Each game of this Twenty20 World Cup has been leading to this – the attempted world record crowd for a women’s sporting event at the Melbourne Cricket Ground for Sunday’s final between Australia and India. For months, Cricket Australia and the local organising committee have been boldly espousing their hopes to break the current record of 90,185 set at the 1999 Fifa Women’s World Cup in the United States.
As Australia fell to India in the opening game of the tournament, then stumbled against Sri Lanka, there must have been some bitten-down nails amongst tournament executives. The regroup against Bangladesh and the win over New Zealand to secure a semi-final place elicited a sigh of relief. And then the weather stepped in.
Suddenly the loss to India wasn’t the small setback that it first appeared. With no reserve days scheduled, that loss meant that if the semi-final was rained out, Australia was out with it.
Finally the game was played, Australia won and the campaign was back on track. Barring an unforeseen downpour in Melbourne on Sunday, there are no more hurdles to overcome.
A win for Australia would be icing on the cake from an administrative perspective. This final has become more than just a game of cricket; it has the potential to be a defining moment for women’s sport.
Earlier this year, US football star Megan Rapinoe made headlines when she spoke about wanting women’s sport to be consistently marketed to adult fans, rather than relying on the ‘role model’ narrative and always targeting young girls.
“You never see LeBron James purely positioned as inspiring young boys,” said Rapinoe. “No shit he’s inspiring young boys. He’s fucking LeBron James … so why are we limiting ourselves that way?”
No doubt there will be young girls among the thousands at the MCG on Sunday. The next generation of Meg Lannings, Megan Schutts and Beth Mooneys will be watching, believing that they can one day play in front of a packed MCG, too. The importance of that visibility can’t be overstated.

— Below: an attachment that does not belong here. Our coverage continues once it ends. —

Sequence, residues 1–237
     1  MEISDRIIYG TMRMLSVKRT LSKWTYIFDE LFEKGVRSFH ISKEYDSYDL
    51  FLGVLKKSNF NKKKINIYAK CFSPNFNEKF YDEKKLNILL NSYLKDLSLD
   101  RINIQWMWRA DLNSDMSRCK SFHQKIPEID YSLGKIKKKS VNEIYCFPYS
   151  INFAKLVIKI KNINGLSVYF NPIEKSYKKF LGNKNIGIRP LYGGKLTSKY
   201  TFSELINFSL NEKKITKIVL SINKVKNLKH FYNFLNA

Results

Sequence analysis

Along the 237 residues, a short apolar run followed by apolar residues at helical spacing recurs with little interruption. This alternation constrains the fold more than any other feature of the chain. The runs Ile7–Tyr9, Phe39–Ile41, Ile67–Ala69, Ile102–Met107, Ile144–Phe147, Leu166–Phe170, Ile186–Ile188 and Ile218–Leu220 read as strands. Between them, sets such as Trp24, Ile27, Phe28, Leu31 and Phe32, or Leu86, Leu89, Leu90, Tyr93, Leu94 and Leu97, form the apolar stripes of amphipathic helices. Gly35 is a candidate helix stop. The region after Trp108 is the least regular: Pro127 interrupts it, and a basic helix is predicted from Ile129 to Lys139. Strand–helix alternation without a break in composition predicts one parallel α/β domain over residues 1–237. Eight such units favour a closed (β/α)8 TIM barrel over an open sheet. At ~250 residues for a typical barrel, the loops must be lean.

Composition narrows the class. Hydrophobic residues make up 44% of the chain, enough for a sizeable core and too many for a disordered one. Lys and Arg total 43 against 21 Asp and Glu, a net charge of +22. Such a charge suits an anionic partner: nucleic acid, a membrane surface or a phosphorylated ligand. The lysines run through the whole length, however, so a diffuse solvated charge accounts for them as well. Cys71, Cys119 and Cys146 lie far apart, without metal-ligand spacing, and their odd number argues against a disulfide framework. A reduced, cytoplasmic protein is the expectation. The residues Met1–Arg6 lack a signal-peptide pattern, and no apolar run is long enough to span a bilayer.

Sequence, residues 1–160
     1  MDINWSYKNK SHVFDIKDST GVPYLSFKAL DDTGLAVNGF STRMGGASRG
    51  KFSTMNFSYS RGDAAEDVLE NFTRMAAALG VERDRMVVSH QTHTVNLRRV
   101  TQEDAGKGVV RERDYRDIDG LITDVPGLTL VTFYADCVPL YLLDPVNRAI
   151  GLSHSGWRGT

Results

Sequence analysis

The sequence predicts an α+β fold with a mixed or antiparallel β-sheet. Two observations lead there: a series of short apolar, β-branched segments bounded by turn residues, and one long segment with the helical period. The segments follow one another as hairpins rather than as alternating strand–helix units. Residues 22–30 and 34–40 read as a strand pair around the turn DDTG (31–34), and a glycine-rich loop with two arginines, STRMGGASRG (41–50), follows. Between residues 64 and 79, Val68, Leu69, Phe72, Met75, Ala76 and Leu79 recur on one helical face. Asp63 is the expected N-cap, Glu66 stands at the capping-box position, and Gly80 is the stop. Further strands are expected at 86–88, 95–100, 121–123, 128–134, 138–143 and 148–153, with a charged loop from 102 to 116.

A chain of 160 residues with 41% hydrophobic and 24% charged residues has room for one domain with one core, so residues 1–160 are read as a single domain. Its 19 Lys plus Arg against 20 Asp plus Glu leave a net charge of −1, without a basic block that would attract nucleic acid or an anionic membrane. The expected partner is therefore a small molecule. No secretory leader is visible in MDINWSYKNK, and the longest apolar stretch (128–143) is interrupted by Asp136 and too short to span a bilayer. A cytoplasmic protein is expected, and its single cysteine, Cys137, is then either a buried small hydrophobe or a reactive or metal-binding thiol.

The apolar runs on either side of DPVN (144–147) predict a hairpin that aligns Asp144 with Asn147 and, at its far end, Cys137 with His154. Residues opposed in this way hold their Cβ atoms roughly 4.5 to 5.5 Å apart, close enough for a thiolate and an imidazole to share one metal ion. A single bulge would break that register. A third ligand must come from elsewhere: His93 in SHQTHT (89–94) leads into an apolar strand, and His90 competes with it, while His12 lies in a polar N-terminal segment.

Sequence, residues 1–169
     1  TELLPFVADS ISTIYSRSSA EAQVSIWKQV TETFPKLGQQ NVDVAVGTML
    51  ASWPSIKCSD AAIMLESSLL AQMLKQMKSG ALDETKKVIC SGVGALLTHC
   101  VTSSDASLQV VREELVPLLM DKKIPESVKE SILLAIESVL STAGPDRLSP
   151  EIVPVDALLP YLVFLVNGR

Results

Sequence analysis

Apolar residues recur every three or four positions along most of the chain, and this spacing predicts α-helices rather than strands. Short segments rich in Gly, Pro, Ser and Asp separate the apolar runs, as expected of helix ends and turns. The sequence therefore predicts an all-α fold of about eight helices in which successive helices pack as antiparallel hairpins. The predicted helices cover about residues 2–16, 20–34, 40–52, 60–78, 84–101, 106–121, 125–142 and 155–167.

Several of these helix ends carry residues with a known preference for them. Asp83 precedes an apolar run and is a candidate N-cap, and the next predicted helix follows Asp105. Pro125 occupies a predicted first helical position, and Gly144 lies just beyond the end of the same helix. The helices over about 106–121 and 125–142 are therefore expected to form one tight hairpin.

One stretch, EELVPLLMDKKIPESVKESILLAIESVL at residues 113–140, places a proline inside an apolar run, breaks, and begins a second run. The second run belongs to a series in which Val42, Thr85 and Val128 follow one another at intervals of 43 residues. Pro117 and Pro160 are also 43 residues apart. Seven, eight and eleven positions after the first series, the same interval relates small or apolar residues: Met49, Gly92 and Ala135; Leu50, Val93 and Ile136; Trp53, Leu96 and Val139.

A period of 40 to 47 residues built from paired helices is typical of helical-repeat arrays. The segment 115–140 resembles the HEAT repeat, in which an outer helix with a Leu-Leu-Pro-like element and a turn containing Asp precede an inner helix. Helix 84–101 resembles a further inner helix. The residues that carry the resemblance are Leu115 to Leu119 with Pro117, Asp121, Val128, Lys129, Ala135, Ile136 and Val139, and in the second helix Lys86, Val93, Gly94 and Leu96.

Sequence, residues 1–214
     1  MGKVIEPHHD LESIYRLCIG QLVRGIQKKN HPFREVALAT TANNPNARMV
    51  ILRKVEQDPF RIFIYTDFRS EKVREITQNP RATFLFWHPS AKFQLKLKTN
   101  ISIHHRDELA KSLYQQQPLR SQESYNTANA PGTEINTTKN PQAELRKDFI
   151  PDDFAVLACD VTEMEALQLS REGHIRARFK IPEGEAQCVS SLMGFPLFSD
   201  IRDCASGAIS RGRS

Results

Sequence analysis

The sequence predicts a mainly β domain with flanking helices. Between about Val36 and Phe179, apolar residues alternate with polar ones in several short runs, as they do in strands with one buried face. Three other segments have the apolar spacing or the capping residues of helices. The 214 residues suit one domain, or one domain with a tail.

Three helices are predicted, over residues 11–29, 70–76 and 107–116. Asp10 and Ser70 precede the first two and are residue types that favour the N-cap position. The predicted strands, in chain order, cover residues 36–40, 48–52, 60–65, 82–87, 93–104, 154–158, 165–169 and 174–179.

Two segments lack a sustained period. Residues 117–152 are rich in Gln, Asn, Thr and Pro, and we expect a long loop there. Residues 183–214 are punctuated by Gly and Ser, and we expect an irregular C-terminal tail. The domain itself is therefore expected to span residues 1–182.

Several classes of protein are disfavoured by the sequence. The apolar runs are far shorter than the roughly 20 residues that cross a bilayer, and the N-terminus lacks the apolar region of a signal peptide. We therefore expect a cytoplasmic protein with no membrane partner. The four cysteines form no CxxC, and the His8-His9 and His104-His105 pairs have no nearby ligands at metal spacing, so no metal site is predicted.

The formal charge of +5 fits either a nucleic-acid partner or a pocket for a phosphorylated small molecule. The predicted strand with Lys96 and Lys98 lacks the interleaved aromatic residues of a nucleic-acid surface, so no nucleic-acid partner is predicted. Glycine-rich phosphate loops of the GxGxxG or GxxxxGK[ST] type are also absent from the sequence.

But what we have witnessed with this Australia women’s team over the past five years has been even bigger than that. The momentum around the team has grown and crowds and television audiences have expanded alongside it.
It happened slowly enough that it almost wasn’t noticeable. A reference to ‘batters’ instead of ‘batsmen’ here. An understanding that ‘Healy’ means Alyssa and not Ian there. And before we knew it, people were standing around office kitchens having long conversations about Ellyse Perry’s hamstring and furious debates about whether she should be replaced by an all-rounder or a specialist bowler.
The conversation has shifted and the media coverage along with it. Whereas once there was a semi-regular stream of opinion columns from earnest men deploring the lack of coverage of women’s sport before getting back to their regular routine of writing about men’s sport, now there are match reports and analysis pieces about every game. The day after the semi-final, the winning moments were plastered all over the front and back pages of major newspapers across the country. Women’s cricket is being covered and spoken about the way that followers of the sport have always wanted – as if it was just cricket.
It’s likely even the tournament organisers didn’t envisage this shift when they first announced their goal. The inclusion of Katy Perry playing an exclusive Australian show at the final demonstrated a bid to go after the young girl audience. But a press release that included a tongue-in-cheek assurance that the singer is ‘no relation to Ellyse’ signified that this tactic was little more than an insurance policy; the work continued behind the scenes to ensure that cricket was the centrepiece of this event.
This is not the end point of this journey. It is a milestone and it should be celebrated. But there is more to tackle before equality can be declared. When news outlets can have comments open on articles about women’s sport without fear of abuse. When sporting organisations stop talking about the value of playing purely for the love of the game. These are just some of the scenarios that need to change before we can truly say that women in sport – both and off the field – are on equal footing with their male counterparts.
While a world-record crowd at the MCG, if it transpires, doesn’t change everything, it is a symbol of the change that Australia can expect if we continue along this trajectory. If sporting organisations continue to set ambitious goals around women’s sport and work hard to achieve them, this will become the new normal. In time the goals won’t seem as ambitious and the work will get easier. Yes, it will inspire young girls. But it will also create communities, remove barriers and make sport more inclusive.
While all eyes will be on the Australia women this Sunday, they’re just walking out to play a game of cricket, like they have done hundreds of times before. It’s those in the crowd, watching on television and talking about it in the lunch rooms who will make it so much more than that.